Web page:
By Marcia Pilgeram
Reader Food Columnist
Lent, the solemn religious period observed by Christians around the world, comes late this year. In these parts, it’s a good thing because maybe we’ll finally see some signs of spring by Easter Sunday (April 21). Lent is observed differently by different sects, but for we Roman Catholics kids (who grew up wielding fish-sticks every Friday), it basically means 40 days, between Ash Wednesday and Easter Sunday, sans anything that (even remotely) looked or tasted delicious.
St Patrick’s Day was an exception, a special day for dispensation, but if my memory serves me right, that was mostly a day reserved for alcohol-consuming adults, of which there were many in the blue-collar mining community of my youth.
I can’t lie: As a kid, I dreaded Lent like a bad hair day. And since my family didn’t celebrate any of the pre-Lenten festivities, like Shrove Monday or Fat Tuesday, I never had a chance to over-indulge before our chuck wagon came to a screeching halt for 40 long days (and ice cream nights). To this day, I am fascinated by the centuries-old traditions and foods that are associated with Lenten preparations.
The pancake has a very long history of association with Lent and can be found in cookbooks that are nearly 500 years old. It was a way to use up all the rich, perishable foods in a household. The ingredients were also symbolic: eggs for creation, flour for the staff of life, salt for wholesomeness and milk for purity.
Besides making pancakes, the tradition of throwing or tossing them is nearly as old. In the UK, pancake races form an important part of the Shrove Tuesday celebrations, an opportunity for large numbers of people, often in fancy dress, to race down the streets tossing pancakes. The object of the race is to get to the finishing line first, carrying a frying pan with a cooked pancake in it and flipping the pancake as you run.
The most famous pancake race takes place at Olney in Buckinghamshire. According to tradition, in 1445 a woman of Olney heard the shriving bell while she was making pancakes and ran to the church in her apron, still clutching her frying pan. The Olney pancake race is now world famous. Competitors have to be local housewives, and they must wear an apron and a hat or scarf.
Every country has its own version of pancake. In Portugal, it’s the Malasada, which contains yeast and is more donut-like; in Norway and Denmark, their bun-like version is known as Fastelavnsboller. In Newfoundland and Cape Breton, small divinatory tokens are cooked into the pancakes, which the young children are delighted to discover. Blinis are the pancakes associated with festivities in Ukraine and Russia, and in Scandanavia—their semla pastries are filled with almond paste. Germans prepare pfannkuchen, a thin, crepe-like pancake that’s dusted with powdered sugar and served with jam.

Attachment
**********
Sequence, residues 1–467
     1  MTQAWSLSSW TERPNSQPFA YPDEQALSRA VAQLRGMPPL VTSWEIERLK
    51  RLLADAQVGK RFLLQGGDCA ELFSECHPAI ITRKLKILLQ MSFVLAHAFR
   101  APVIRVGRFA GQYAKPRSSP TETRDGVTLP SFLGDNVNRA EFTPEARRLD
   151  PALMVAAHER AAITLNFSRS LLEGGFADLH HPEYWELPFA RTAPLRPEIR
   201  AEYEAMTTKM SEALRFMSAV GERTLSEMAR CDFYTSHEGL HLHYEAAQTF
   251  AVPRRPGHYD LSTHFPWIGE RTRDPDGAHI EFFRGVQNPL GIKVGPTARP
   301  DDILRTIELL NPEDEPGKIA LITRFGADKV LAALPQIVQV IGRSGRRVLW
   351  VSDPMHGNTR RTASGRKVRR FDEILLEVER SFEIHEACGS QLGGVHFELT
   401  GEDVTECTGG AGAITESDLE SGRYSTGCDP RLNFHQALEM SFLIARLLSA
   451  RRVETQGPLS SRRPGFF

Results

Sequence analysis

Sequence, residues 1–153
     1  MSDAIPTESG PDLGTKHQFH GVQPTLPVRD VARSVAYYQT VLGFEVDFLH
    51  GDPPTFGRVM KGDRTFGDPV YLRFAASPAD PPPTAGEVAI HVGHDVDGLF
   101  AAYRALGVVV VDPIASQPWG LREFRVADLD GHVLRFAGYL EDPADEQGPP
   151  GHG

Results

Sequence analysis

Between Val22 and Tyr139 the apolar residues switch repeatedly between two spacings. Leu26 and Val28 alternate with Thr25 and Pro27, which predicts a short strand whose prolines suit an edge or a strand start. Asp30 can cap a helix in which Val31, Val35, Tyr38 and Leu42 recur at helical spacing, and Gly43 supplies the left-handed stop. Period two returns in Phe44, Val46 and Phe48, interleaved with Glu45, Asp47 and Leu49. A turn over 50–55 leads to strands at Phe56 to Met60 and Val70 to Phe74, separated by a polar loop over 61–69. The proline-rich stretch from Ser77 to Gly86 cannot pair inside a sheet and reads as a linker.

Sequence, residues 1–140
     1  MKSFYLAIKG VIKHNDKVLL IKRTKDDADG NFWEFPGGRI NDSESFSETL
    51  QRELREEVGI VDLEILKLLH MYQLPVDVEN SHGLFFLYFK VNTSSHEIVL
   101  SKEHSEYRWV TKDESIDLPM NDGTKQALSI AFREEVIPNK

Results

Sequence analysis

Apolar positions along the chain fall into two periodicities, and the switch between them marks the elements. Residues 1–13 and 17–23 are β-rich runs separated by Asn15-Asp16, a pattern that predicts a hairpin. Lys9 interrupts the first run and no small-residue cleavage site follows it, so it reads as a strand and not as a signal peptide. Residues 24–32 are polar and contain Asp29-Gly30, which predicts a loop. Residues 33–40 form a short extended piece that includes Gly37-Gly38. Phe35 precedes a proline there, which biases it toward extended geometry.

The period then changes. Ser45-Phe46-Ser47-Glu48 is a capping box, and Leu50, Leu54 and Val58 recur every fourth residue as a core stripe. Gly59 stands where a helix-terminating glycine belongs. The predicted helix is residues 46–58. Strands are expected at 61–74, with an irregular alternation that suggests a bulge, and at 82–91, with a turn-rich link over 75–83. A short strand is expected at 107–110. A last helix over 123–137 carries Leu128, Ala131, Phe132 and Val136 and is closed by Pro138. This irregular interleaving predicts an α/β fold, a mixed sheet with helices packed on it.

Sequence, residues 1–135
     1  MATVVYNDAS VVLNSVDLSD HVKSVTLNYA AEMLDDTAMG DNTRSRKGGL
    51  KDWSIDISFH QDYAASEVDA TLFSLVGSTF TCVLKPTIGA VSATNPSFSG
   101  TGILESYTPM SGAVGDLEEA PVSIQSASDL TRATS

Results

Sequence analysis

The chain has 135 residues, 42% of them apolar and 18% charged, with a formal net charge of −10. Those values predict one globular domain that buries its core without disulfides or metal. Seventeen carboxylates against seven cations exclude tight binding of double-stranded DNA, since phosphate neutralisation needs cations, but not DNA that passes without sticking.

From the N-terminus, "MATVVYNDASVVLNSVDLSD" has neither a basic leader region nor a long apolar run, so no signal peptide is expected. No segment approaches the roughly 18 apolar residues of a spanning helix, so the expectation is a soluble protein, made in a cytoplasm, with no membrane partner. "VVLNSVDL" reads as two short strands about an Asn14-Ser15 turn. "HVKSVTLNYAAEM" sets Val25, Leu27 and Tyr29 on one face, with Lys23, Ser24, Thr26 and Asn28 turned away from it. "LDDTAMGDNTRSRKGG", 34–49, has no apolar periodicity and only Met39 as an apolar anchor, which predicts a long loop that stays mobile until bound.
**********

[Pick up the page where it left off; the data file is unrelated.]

Besides pancakes, another traditional Shrove Tuesday food is pea soup, popular in Estonia, Iceland and Finland, and served along with a regional pancake or pastry selection (not my pairing of choice).
Around the world, in addition to foods, over-the-top grand parties and carnivals that go on for days take place before folks settle in for the sacrifices of Lent. Besides the more well known, like Mardi Gras in New Orleans and the Carnivals of Rio de Janeiro and Venice, there are dozens of similar dancing, feasting and music events taking place in every corner of the Globe: Kerala, India; Sitges, Spain; Fasching and Cologne, Germany; and Martinique. Lavish parades, wine tastings and rituals filled with myth, merriment and mayhem go on for days.
I always wanted to attend Mardi Gras, but not anymore, folks. I found my pre-Lenten destination!
In some cultures, another forbidden Lenten food is cheese. To prepare for this major sacrifice, cheese lovers gather in Cyprus for the tradition of “Tyrini,” which is an entire week dedicated to eating cheese. Greeks, the largest consumers of cheese in all of Europe, sound like they know how to throw my kind of party.
Man cannot live by cheese alone, and the Greeks pair it up with Lagana, a delicious Greek flat-bread, similar to focaccia. It is traditionally baked on Shrove Monday (or Clean Monday). It’s simple to make and delicious to eat. Pair it up with some feta for your Fat Tuesday feast.
Lagana recipe • Makes 2 large loaves • Easy and Delicious!
This bread, similar to Focaccia, is made on Clean Monday, which is the beginning of the Lent season in Greece
• 3 envelopes instant dry yeast
• ¼ cup tahini
• ¼ cup sugar
• 7 to 8 cups bread flour
• 2¼ cups warm water
• ¼ cup white wine
• 1 tablespoon salt
• 5 tablespoons butter, melted and slightly cooled
• Olive oil
• Sesame seeds
In a small bowl, dissolve the yeast, sugar, tahini, wine and ¼ cup of the bread flour in warm water. Cover and let stand for 15 minutes until begins bubble.
In your standup mixer bowl, or a large bowl, place 7 cups of flour and salt, mix with a whisk to blend.
Make a well and add melted butter.
Add yeast mixture.
Stir well with a wooden spoon.
Start your mixer on medium and mix for 5-8 minutes until it comes together and becomes smooth.
Shape dough into a ball. Rub with olive oil. Place in an oiled bowl, cover and leave to rise. Let stand for 2 hours until doubled.
When dough has risen, remove from bowl and knead until it’s down to it’s original size.
Divide into two balls.
Lightly oils your pan(s)
With a rolling pan, roll out the dough into a flat oval shape about 15 x
6 inches. Cover and let rise for 45-50 minutes until doubled.
Place in sheet pan and brush with olive oil and cover with sesame seeds.
Bake for 30 minutes in a 450 degree oven until golden brown. Place on wire rack to cool immediately.
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